Can Cannabis Halt the Rising Rate of Opioid Addiction and Overdoses?
A recent JAMA study finds that U.S. states with laws that allow patients to treat pain with medical cannabis had fewer deaths from opiate overdoses. It also finds that adding medical cannabis to a prescription narcotic regimen might decrease patients’ dependence on opiates. Given our country’s increasing rate of opioid addiction and overdose deaths, this is important news.
According to the American Society of Addiction Medicine’s Opioid Addiction 2016 Facts & Figures report, “Of the 21.5 million Americans 12 or older that had a substance use disorder in 2014, 1.9 million had a substance use disorder involving prescription pain relievers…” And if that isn’t bad enough, according to the report, “Drug overdose is the leading cause of accidental death in the US, with 47,055 lethal overdoses in 2014. Opioid addiction is driving this epidemic, with 18, 893 overdose deaths related to prescription pain relievers…”
In December, 2015, The Huffington Post reported, “The rate of absolutely zero deaths from a marijuana overdose remained steady from last year, according to figures released this month by the Centers for Disease Control. But while Americans aren’t dying as a result of marijuana overdoses, the same can’t be said for a range of other substances, both legal and illicit.”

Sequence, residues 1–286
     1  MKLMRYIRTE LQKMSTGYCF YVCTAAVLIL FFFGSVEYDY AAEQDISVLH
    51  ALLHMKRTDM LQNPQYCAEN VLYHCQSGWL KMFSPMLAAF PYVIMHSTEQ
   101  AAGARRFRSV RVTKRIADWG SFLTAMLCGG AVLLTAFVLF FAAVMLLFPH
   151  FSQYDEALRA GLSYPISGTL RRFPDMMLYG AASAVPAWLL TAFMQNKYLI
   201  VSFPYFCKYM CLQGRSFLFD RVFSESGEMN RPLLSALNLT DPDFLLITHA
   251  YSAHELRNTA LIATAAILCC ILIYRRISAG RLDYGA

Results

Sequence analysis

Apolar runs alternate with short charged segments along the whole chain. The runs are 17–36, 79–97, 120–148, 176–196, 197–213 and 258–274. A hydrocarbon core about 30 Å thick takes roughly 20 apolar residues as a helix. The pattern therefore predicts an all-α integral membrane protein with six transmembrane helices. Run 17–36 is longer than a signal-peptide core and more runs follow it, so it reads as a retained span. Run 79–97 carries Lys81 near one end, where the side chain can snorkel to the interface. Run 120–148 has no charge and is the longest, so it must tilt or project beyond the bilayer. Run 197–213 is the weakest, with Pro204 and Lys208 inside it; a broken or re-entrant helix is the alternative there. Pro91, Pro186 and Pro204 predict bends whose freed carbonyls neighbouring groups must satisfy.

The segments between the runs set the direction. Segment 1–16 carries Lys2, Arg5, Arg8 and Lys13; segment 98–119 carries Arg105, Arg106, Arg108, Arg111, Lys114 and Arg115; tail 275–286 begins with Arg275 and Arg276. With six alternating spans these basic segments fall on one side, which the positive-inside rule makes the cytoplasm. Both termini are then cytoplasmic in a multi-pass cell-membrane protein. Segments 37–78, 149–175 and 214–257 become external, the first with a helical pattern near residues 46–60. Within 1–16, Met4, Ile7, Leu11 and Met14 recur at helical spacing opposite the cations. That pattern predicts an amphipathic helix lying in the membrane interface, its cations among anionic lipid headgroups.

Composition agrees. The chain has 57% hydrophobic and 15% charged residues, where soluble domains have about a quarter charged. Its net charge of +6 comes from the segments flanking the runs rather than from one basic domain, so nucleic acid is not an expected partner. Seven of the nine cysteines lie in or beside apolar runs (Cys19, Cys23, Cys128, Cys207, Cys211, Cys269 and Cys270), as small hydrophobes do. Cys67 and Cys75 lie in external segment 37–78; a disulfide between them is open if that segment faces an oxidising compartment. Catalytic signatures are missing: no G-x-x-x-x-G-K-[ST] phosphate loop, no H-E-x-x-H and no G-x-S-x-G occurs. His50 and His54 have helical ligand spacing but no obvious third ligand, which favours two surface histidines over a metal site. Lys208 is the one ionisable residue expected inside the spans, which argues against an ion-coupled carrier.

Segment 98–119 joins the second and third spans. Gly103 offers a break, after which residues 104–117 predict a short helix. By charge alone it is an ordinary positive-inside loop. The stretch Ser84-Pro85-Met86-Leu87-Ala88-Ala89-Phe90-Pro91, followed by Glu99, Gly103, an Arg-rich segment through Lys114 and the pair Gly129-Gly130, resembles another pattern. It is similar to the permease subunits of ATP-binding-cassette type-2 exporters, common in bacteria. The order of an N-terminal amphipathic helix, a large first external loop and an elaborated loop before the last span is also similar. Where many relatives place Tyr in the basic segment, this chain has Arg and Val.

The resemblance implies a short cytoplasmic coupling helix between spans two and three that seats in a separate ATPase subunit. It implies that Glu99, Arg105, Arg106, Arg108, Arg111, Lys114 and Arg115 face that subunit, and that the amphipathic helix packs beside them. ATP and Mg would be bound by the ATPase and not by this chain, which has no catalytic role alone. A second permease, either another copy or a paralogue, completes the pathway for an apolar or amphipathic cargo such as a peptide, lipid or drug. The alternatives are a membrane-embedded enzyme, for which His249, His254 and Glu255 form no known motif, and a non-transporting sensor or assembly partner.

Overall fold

Countless studies have proven that cannabis has a palliative, pain-relieving effect for patients suffering from a range of conditions and diseases. No need to take our word for it. Just type “cannabis pain relief study” into a Google search bar and start reading. The day we searched, Google returned “About 468,000 results (0.22 seconds)”. While some results are more reliable than others, you’ll find the same message over and over: Cannabis, a non-addictive drug with no known lethal dosage, relieves pain and discomfort in patients allowed to use it.
We’ll leave you with one last thought. Canadian researchers reported in The Drug and Alcohol Review, that given the opportunity, 80.3% of the patients they studied chose to substitute medical cannabis for prescription drugs. Whether a patient choses to use medical cannabis to relieve his or her pain, however, is beside the point; that is a personal decision. What’s important is that all people should have the right to choose a non-addictive pain relieving drug with minimal negative side effects and no known lethal dose rather than being forced to relieve their pain with a prescription opioid.
We ask you, how can anyone with a conscience vote against legalizing medical cannabis, a scientifically proven, pain-relieving drug with no known lethal dosage? It’s time to make the medicine legal for all Americans, no matter where they live. We’re interested in your thoughts and experiences!